But two years into this AF thing (for the purpose of this article, AF is an acronym for alcohol free, not the other thing), some of those who have heard of my choice to go AF are approaching me with questions about how to do the same. Some of the questions are subtle, some not so much.

At first, I brushed them aside, thinking there were enough experts out there whose stories of sobriety were much more interesting. I am not an authority on drinking. I hate giving advice on the subject because I have no idea how or why other people drink. The reasons are as varied as there are people.

I only know why I choose not to drink, and how I am able to continue on that journey.

I also hate the “I will never drink again” prediction. One of my concerns has been that giving advice and then drinking a tiny sip of anything with as little as 0.5% alcohol will somehow negate what I have accomplished and invalidate all the advice I have given. (News Alert: Orange juice has 0.5% alcohol, so there’s that.)

Most of all, I didn’t want to be THAT person. You know, the one who breaks a habit and then becomes a holier-than-thou, judgmental bitch who turns her nose up at those weaklings who aren’t as evolved.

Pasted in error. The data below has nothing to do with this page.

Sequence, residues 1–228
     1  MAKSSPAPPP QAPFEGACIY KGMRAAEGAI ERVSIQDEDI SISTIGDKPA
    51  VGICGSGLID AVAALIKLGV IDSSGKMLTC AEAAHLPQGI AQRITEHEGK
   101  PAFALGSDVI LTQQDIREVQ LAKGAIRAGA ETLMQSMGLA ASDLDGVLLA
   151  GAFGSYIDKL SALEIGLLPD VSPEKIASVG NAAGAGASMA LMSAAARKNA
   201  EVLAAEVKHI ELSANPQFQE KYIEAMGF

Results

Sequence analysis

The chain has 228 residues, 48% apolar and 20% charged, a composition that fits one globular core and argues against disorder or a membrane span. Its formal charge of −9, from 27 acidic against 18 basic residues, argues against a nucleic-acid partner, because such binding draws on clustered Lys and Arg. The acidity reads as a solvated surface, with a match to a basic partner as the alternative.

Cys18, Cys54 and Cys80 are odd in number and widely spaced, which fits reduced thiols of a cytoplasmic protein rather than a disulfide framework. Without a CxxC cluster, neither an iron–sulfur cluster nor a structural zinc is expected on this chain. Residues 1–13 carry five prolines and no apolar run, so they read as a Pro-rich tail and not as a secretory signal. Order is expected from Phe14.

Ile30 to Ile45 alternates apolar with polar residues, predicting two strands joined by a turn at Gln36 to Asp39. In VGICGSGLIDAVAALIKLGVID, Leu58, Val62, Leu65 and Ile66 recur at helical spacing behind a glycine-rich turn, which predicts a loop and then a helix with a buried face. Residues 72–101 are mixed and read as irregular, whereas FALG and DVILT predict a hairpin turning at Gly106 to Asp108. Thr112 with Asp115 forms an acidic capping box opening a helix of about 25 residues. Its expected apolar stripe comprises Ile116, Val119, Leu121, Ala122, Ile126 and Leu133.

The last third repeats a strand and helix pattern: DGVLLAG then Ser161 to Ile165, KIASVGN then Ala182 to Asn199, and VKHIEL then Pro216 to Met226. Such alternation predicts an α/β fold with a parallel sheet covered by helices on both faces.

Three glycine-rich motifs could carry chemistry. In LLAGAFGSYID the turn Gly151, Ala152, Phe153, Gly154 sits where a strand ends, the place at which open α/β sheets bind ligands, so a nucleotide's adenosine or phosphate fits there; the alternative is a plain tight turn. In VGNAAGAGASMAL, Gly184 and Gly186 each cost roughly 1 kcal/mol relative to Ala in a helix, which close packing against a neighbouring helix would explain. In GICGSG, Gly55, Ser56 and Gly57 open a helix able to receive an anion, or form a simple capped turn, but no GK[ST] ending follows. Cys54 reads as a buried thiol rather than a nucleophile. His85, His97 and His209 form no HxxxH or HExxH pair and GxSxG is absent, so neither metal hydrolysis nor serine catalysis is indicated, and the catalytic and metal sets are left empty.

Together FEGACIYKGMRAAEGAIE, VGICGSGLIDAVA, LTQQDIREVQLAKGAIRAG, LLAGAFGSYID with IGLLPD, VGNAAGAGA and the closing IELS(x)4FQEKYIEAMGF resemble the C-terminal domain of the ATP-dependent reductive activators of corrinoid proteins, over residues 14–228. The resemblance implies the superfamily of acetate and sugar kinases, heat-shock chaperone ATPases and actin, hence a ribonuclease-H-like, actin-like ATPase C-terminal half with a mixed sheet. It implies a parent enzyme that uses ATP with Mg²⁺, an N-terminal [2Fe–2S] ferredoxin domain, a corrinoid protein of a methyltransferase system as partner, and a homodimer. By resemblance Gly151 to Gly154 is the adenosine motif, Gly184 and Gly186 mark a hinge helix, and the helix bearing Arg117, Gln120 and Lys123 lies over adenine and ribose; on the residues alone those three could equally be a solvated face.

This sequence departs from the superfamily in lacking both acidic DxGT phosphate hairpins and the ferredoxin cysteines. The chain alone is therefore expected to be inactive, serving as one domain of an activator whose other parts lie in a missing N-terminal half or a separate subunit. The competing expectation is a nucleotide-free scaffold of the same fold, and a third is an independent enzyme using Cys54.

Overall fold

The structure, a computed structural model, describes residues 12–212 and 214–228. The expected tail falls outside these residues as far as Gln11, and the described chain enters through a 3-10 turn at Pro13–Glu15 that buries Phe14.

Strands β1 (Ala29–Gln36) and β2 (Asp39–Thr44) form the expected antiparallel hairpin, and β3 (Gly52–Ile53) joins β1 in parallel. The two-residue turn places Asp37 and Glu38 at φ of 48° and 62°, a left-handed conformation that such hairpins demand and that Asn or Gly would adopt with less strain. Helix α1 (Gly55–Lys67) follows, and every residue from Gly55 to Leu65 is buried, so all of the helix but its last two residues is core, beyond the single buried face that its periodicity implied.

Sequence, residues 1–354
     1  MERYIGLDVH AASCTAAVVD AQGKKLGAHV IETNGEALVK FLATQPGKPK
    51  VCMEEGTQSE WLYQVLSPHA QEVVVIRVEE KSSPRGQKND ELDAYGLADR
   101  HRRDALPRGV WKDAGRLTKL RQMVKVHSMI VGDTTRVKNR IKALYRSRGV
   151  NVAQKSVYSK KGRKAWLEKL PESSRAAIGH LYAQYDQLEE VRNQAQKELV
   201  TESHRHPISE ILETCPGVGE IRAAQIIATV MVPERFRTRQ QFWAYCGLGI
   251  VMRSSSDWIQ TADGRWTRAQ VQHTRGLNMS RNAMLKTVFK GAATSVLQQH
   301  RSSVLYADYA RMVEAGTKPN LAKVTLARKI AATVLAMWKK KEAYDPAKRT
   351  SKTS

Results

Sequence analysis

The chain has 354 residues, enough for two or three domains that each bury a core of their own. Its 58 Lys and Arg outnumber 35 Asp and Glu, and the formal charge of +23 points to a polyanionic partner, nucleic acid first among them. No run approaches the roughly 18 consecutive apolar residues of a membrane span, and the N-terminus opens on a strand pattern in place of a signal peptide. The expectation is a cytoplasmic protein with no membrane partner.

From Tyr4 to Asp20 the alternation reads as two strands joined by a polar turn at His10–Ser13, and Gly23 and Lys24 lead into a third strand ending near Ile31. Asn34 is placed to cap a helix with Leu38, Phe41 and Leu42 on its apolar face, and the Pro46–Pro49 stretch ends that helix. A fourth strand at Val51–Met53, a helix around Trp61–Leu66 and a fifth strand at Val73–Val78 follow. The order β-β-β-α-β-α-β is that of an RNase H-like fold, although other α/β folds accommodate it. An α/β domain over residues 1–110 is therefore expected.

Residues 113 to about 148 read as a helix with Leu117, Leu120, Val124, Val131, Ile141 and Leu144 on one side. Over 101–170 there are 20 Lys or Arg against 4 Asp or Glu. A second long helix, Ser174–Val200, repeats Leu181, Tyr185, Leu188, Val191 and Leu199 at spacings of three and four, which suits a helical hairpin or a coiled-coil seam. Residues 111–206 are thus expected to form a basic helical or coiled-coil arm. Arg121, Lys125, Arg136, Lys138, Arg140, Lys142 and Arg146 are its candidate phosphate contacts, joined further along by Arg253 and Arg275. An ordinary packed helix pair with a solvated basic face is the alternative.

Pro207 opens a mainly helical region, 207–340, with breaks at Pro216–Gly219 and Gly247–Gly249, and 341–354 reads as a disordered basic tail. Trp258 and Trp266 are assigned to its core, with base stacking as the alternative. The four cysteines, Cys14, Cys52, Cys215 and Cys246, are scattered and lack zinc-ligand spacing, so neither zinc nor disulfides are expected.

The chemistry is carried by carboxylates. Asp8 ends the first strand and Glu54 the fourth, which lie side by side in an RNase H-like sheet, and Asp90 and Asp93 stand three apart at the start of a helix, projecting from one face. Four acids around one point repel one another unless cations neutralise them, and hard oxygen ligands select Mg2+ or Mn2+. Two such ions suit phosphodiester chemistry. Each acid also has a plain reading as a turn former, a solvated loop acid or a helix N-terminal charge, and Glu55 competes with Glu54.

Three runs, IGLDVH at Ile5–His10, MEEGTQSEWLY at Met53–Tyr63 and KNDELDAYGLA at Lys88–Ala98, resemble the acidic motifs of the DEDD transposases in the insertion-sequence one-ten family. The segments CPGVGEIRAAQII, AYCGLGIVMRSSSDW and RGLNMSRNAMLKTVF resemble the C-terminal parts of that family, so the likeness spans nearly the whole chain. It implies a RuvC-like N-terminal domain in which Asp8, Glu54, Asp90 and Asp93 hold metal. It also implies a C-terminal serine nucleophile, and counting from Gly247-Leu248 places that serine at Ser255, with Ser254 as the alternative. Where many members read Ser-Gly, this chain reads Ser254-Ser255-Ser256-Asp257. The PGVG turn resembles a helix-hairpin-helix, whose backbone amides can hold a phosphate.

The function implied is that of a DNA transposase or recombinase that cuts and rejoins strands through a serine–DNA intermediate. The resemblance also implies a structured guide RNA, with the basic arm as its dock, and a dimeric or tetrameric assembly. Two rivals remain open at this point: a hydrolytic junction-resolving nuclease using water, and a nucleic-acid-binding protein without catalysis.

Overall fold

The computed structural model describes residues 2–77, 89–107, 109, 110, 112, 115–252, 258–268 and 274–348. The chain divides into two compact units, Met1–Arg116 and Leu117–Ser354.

Slurring isn’t sexy, but neither is self righteousness.

But more and more people have started asking me about my choice to not consume alcohol. And the questions have come from those whom I least expected. I feel I owe them an honest answer.

So, on the eve of my 2-year sobriety date, I share with you how I stay on my current AF journey, and my why for doing so.

My decision to share is also because in the past pandemic-challenged year, the memes and jokes on social media about drinking—especially about women drinking—is cause for concern. The 5 o’clock Mommy Juice hour is starting earlier and earlier, and there’s nothing cute about it.